Tiny Pies: Cherry Vanilla Pie Popsicles

Cherry-vanilla ice cream inside of a soft and sweet mochi “pie crust”. Stomp your feet for food on sticks!

Cherry Pie Popsicles

I simply adore mochi-wrapped ice cream. I used live across the street from an Asian grocery, where the sweet cold treats were easily accessible. But when we moved, missing mochi was the last thing on my mind.  I didn’t really think about it until early this spring, when one lazy google revealed that mochi ice cream wrappers were something I could totally whip up in my own kitchen. And there was no excuse not to. The ingredients could be found even in the small town grocery shop down the street.

I’m participating in popsicle week for the first time ever. I’m excited. And nervous. Hi guys, can I hang out? ☺️  I cannot wait to see what everyone made.

Cherry Vanilla Ice Cream Mochi Pops

So. Let’s get to talking about these treats. Mochi around a cherry vanilla filling, so good. I liked to let them sit out for just a second before biting it, because it makes the mochi a little softer and silkier.

For the “pie crust,”you will need mochiko flour, otherwise know as sweet rice flour. Don’t freak out, it’s also known as glutinous rice flour, even though it has no gluten. Promise. It’s not the same as regular rice flour, but it’s just as accessible. You can find it the Asian section of any grocery store. Look for the white box with the red letters and the blue star.

The filling is as easy as er…..well, you know. I condensed some cherries down to a red juicy paste and then stirred that into some vanilla ice cream. Done and done. I let that harden back up and then divided it up into little scoops.

I used a little mix of maple syrup and molasses as an “egg wash,” but you can skip that part if you wish.  It just adds a little bit of sweetness and shine, and who doesn’t need more of that, ya know?

Cherry Pie Popscicles

Be sure to check out all the awesome pops here!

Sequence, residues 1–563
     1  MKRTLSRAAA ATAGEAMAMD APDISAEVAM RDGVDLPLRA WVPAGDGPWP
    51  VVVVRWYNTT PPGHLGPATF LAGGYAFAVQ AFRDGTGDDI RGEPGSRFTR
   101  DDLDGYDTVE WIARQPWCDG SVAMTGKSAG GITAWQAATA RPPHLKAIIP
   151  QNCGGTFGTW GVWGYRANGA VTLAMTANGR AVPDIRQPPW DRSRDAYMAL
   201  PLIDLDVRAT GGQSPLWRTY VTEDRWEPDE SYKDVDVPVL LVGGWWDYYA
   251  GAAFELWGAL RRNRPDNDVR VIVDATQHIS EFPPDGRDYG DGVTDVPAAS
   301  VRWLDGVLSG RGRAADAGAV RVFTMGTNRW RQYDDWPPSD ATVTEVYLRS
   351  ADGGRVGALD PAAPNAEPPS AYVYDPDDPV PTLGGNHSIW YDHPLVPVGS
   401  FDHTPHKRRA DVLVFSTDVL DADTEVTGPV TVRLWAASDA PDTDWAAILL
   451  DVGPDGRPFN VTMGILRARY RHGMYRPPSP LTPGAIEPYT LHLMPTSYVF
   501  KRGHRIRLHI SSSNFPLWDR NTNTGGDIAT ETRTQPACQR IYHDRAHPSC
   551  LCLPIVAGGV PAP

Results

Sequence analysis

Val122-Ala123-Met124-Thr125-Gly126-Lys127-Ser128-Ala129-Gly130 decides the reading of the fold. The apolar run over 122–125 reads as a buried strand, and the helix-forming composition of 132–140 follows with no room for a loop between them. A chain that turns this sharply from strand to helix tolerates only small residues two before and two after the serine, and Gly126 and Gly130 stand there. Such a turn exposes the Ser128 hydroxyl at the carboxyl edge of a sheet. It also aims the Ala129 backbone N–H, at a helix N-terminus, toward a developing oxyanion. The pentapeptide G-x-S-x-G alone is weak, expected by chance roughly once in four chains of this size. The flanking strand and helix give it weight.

Tiny Pies: Cherry Vanilla Pie Popsicles

These little pies look complicated, but they are totally doable. There are a handful of helpful tips at the bottom of the recipe. Yay timesavers! 😀


  • 1 cup of vanilla ice cream
  • 2 cups of fresh or frozen cherries
  • 4 dates
  • crust
  • 1 cup plus 2 tbsp mochiko flour
  • 1 cup plus 2 tbsp water
  • 1/2 cup packed dark brown sugar
  • 3/4 tsp cinnamon
  • yellow food coloring, optional
  • plenty of corn starch or tapioca starch, for dusting
  • maple syrup and molasses, for the "egg wash",optional


    for the filling
  1. Place the cherries and the dates in a small saucepan over medium heat. Cover and allow to cook for 10 minutes, stirring once.
  2. Remove the lid and allow to cook for 12-13 additional minutes. Stir occasionally at first. During the final 2-3 minutes, stir continually. Remove from heat and allow to cool.
  3. Puree the cherries. You should have about 1/2 cup of mix. It doesn't have to be totally smooth. In fact, a somewhat lumpy mix will allow for small bits of cherry in the pops.
  4. Stir the cherries into the ice cream.
  5. Allow to firm up in the freezer - several hours or overnight
  6. Using a 2 tbsp cookie scoop, divide up the ice cream into little mounds. This is your filling. I ended up with 10 mounds.
  7. Allow mounds to harden completely and then shove in the popscicle stick.
  8. for the mochi dough
  9. In a large glass bowl, stir up the mochiko flour, the sugar, and the cinnamon. Once combined, add the water. You can darken the batter a bit (to more closely resemble pie crust) by adding a bit of food coloring. Totally optional.
  10. Loosely cover the bowl with plastic wrap and microwave for 1 minute. Stir with a wet spatula, then cover and return to the microwave for a another minute. Stir again. Return to the microwave for an additional 2 minutes, stirring every 30 seconds. (4 minutes total. 1 min, stir/ 1 min, stir/ 30 seconds stir/ 30 seconds, stir/ 30 seconds, stir/ 30 seconds, stir).